East Coast Wants In on the Broccoli Industry

By Kelly Ni, Epoch Times
January 24, 2013 Updated: October 1, 2015
In this file photo, a farm worker harvests broccoli near El Centro, Calif., in March. California, Arizona, and the highlands of Mexico have dominated the broccoli industry since the early 1900s. (David McNew/Getty Images)

The West Coast and the East Coast may soon be sharing broccoli customers, as horticulture researchers are creating broccoli seeds that can grow to withstand the hot and humid East Coast summers. 

California, Arizona, and the highlands of Mexico have dominated the broccoli industry since the early 1900s, when broccoli seeds from Italy were planted in California, according to the Agricultural Marketing Resource Center (AgMRC) website. 

When viewed from the sky, or a Google satellite image, green fields can be seen in the region where the broccoli industry’s leaders meet.

“When you look at the satellite view, it’s all dessert and then there’s this one bright green spot right there where California, Arizona, and Mexico meet,” said Thomas Björkman, associate professor of horticulture at Cornell University and director of the Eastern Broccoli Project. 

“It glows green in the dessert; it’s mostly lettuce, but it’s also broccoli,” and that is where the bulk of the nation’s broccoli comes from, according to Björkman. 

The Eastern Broccoli Project is projected to be a five-year project that began nearly two years ago with a $3.2 million grant from the U.S. Department of Agriculture under the Specialty Crops Research Initiative and $1.7 million from commercial partners.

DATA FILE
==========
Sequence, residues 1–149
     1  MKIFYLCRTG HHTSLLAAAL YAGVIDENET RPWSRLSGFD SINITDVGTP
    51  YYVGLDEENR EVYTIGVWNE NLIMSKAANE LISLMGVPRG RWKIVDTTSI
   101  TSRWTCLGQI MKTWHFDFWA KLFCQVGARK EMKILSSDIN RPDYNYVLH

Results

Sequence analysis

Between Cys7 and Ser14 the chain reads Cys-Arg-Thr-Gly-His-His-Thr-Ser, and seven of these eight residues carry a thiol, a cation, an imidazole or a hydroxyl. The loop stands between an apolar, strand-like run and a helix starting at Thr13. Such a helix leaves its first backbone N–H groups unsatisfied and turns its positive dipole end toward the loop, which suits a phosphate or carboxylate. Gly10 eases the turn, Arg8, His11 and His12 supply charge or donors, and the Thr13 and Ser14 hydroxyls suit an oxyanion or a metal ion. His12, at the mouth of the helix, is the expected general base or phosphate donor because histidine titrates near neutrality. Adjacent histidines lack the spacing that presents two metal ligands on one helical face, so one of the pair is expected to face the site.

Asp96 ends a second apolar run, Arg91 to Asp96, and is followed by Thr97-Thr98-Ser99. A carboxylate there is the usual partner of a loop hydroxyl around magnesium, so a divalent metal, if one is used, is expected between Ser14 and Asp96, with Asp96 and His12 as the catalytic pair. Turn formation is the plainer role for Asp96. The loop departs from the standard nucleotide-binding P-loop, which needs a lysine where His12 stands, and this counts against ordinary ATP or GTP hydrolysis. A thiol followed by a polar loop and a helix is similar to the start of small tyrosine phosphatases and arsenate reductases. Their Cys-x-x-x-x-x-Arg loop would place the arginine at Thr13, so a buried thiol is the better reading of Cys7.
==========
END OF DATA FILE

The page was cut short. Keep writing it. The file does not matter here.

The California broccoli industry was valued at more than $606 million in 2010, according to the AgMRC. The broccoli industry on the East Coast has an estimated value of no more than $100 million. 

“That is about how much we think could be produced in the east at the right quality,” Björkman said. He said that transportation costs could be cut drastically and that food retailers’ local food demands could be met with East Coast broccoli production.

“People like this stuff, and we are trying to meet that demand—more broccoli production,” Björkman said. 

Northern Maine has been producing broccoli because it is cool all summer, “but once you get south of that, it gets tricky to raise the broccoli because essentially the nights stay warm,” he said. 

When the warmer temperatures are telling the broccoli to turn into something else, Björkman said that the plant turns into a vegetable that looks halfway between broccoli and cauliflower, which is not going to sell. Partnering with seed companies and university labs, the experts are looking at the broccoli lines that show changes at higher temperatures and working to create a line of quality commercial broccoli.

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